By the way; under the Research Articles sections of this site I've added plenty of articles relating to transcranial modulation of the visual modalities and my thoughts thereof, should you be interested. Neuronal excitability has been confirmed to be able to be lowered via these methods; a seemingly recurring marker of visual distortions. Perhaps such methods alter metabolism as well.

Link to comment
Share on other sites

Of course :) 
You really know a lot about TMS and neuromodulation. I can follow what you are saying but not when it becomes very specific. . I am glad you take an interest in my post and can help me try to understand this TMS and neuromodulation! I could check out those posts but I think it will go over my head..  
I think this will also trigger your interest:  
''Petra Brennan Oscar I got in touch with Profesor Wilkins last year and asked him for help, this is his reply Dear Petra 
cannot give a consultation over the internet. You canhowever, contact your GP and ask him to refer you to me. I do not charge for such referrals, but unfortunately any treatment with coloured lenses is not (yetavailable on the NHS. 
Your problem is known to medical science and the UK expert is Dr Gordon Plant. Dr Plant referred me patients with persistent migraine aura for trials of coloured glasses and regrettably I was unable to help themHowever, I know of an optometrist colleague who experiences unremitting visual snow reportedly as a result of transcranial magnetic stimulation of the occipital cortexShe now wears coloured lenses to reduce (but not eliminatethe scintillations. 
Please let me know whether the snow is more obvious on some backgrounds than othersYou may wish to try the followingObtain a wide range of differently coloured papers and observe the snow. Is it more obvious on some colours than othersIf so, I may be able to help you with coloured lenses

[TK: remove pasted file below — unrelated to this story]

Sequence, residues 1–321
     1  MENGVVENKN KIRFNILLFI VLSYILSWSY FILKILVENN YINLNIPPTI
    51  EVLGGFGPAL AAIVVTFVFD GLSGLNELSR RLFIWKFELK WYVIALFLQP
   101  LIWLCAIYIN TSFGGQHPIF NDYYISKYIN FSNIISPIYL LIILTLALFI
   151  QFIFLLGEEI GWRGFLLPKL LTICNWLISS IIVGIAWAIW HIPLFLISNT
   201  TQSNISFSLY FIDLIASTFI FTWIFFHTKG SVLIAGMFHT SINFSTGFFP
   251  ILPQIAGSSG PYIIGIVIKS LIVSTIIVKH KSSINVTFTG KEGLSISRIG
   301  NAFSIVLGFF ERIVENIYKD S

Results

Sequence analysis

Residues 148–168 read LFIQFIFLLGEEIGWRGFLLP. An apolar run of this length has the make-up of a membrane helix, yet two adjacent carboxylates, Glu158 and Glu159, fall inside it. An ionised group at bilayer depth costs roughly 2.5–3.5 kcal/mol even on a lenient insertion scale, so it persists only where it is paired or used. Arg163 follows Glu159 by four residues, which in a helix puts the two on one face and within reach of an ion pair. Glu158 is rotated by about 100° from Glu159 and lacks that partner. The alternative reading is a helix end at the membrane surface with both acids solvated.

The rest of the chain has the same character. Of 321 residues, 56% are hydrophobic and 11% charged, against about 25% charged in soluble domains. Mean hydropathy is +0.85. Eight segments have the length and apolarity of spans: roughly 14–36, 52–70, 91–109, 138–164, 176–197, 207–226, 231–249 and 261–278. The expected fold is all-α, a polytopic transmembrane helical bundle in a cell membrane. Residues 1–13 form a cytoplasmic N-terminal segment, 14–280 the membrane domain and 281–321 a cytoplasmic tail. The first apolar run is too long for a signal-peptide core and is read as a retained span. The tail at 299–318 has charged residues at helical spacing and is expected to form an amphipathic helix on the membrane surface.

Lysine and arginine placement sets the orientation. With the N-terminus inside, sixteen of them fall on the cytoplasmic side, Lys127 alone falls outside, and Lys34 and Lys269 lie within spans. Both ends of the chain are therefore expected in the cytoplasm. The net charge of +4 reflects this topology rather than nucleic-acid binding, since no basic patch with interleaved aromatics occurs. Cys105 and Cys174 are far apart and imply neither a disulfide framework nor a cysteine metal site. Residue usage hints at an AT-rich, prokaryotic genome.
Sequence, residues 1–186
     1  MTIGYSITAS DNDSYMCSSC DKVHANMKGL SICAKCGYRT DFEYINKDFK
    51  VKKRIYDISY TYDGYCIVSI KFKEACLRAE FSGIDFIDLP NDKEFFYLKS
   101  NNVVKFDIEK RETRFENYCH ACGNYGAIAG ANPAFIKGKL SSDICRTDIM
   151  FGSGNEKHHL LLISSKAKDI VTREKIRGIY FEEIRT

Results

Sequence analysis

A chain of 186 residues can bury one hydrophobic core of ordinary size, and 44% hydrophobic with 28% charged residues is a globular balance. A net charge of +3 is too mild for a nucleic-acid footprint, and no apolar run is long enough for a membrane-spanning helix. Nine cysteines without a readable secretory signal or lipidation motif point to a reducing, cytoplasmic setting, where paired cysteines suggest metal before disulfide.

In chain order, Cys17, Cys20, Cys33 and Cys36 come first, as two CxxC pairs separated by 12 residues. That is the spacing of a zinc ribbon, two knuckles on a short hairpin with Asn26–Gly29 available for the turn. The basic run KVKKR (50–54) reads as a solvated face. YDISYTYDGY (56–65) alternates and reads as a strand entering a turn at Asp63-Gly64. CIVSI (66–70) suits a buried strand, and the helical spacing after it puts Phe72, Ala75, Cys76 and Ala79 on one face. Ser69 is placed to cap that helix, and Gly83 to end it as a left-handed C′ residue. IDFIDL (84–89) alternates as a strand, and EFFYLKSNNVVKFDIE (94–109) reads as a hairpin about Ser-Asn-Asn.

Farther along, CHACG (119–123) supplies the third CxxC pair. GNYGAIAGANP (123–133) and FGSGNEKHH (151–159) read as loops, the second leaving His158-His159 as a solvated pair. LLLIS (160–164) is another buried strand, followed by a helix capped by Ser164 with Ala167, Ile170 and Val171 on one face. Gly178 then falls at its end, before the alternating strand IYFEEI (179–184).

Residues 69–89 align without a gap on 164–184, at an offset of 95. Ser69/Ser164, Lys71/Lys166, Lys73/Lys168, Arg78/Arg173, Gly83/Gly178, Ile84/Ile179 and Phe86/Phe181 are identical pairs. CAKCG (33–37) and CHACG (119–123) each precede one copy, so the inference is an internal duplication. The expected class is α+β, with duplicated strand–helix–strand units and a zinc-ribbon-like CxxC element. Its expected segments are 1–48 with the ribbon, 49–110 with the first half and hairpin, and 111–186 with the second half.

There is now evidence (attachedthat the appropriate colour can reduce overactivation in the visual part of the brainThere is also a little evidence that coloured filters can help some patients with multiple sclerosis, another possible cause of visual snow Sincerely, 

Arnold Wilkins. 

Link to comment
Share on other sites

  • 1 month later...

Thank you very much for your effort so far!

I would say that this study is the best latest achievement for those with VS/HPPD which gives me a little of hope.

I just donated 100 bucks and I'm afraid that's all I can do now since I had to quit my job because of this mess.

38.000 in 2 months isn't bad at all. Do you have any idea on how Eye on Vision will proceed when the initial amount of 50.000 dollars has been reached?

And I wonder if this thread shouldn't be moved and pinned in the general forum for a wider attention? It's very close to 50.000.

You are stating that the government doesn't do anything about this, or isn't involved in any research. But why is that? Shouldn't a tenthousand sufferers be enough for any government to take action and find some what of a solution now when we know what the issue is?

Best Regards,

Link to comment
Share on other sites

  • 2 months later...

It took Ben 8 years to get diagnosed. Similarly, those fortune among us who have found this site and received an official diagnosis have probably taken all of us years upon years as most physicians simply are not aware of VS/HPPD. It takes a lot for a physician to step out of their comfort zone and actually do a bit of research on something they don't know. The knee jerk reaction is a misdiagnose and the wrong RX which is the precursor to all sorts of problems. The key is advocacy. The person suffering is unaware because the physician is unaware which makes family and friends powerless to help. Advicscy is the key and the eye on vision is a great resource to concentrate our efforts. If there is a membership (need to check) become one, make a donation, sit with family and show them the part of the brain that is affected, explain that the syndrome can be triggered by a variety of factors, not just drugs. Advocacy begins and ends with you. It's your condition, your respsibility so the next time you go to the doctor for 15 minutes (pathetic) use that time to share whatever you can regarding this condition so you can best be helped and raise the level of awareness within the medical community as well. Donating $50 per month to the fund.

Link to comment
Share on other sites

Create an account or sign in to comment

You need to be a member in order to leave a comment

Create an account

Sign up for a new account in our community. It's easy!

Register a new account

Sign in

Already have an account? Sign in here.

Sign In Now

  • Create New...

Important Information

By using this site, you agree to our Terms of Use.